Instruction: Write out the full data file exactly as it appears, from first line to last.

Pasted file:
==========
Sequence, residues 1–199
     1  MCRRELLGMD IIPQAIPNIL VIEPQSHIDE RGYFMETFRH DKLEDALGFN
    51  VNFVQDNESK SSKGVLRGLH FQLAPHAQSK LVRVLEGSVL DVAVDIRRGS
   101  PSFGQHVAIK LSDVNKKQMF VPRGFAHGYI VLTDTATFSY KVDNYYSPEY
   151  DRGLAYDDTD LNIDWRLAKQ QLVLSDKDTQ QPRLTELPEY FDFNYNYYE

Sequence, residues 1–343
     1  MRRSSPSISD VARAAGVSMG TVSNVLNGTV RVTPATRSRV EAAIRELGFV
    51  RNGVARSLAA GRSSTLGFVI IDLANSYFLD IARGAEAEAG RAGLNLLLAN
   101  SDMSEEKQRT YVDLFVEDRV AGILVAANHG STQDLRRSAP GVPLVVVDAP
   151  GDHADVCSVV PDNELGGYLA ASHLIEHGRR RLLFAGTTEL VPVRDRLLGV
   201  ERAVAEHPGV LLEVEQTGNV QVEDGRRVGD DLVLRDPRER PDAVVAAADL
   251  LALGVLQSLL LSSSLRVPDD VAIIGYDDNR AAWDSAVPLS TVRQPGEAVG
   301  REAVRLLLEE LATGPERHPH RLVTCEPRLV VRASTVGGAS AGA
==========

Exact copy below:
Sequence, residues 1–199
     1  MCRRELLGMD IIPQAIPNIL VIEPQSHIDE RGYFMETFRH DKLEDALGFN
    51  VNFVQDNESK SSKGVLRGLH FQLAPHAQSK LVRVLEGSVL DVAVDIRRGS
   101  PSFGQHVAIK LSDVNKKQMF VPRGFAHGYI VLTDTATFSY KVDNYYSPEY
   151  DRGLAYDDTD LNIDWRLAKQ QLVLSDKDTQ QPRLTELPEY FDFNYNYYE

Sequence, residues 1–343
     1  MRRSSPSISD VARAAGVSMG TVSNVLNGTV RVTPATRSRV EAAIRELGFV
    51  RNGVARSLAA GRSSTLGFVI IDLANSYFLD IARGAEAEAG RAGLNLLLAN
   101  SDMSEEKQRT YVDLFVEDRV AGILVAANHG STQDLRRSAP GVPLVVVDAP
   151  GDHADVCSVV PDNELGGYLA ASHLIEHGRR RLLFAGTTEL VPVRDRLLGV
   201  ERAVAEHPGV LLEVEQTGNV QVEDGRRVGD DLVLRDPRER PDAVVAAADL
   251  LALGVLQSLL LSSSLRVPDD VAIIGYDDNR AAWDSAVPLS TVRQPGEAVG
   301  REAVRLLLEE LATGPERHPH RLVTCEPRLV VRASTVGGAS AGA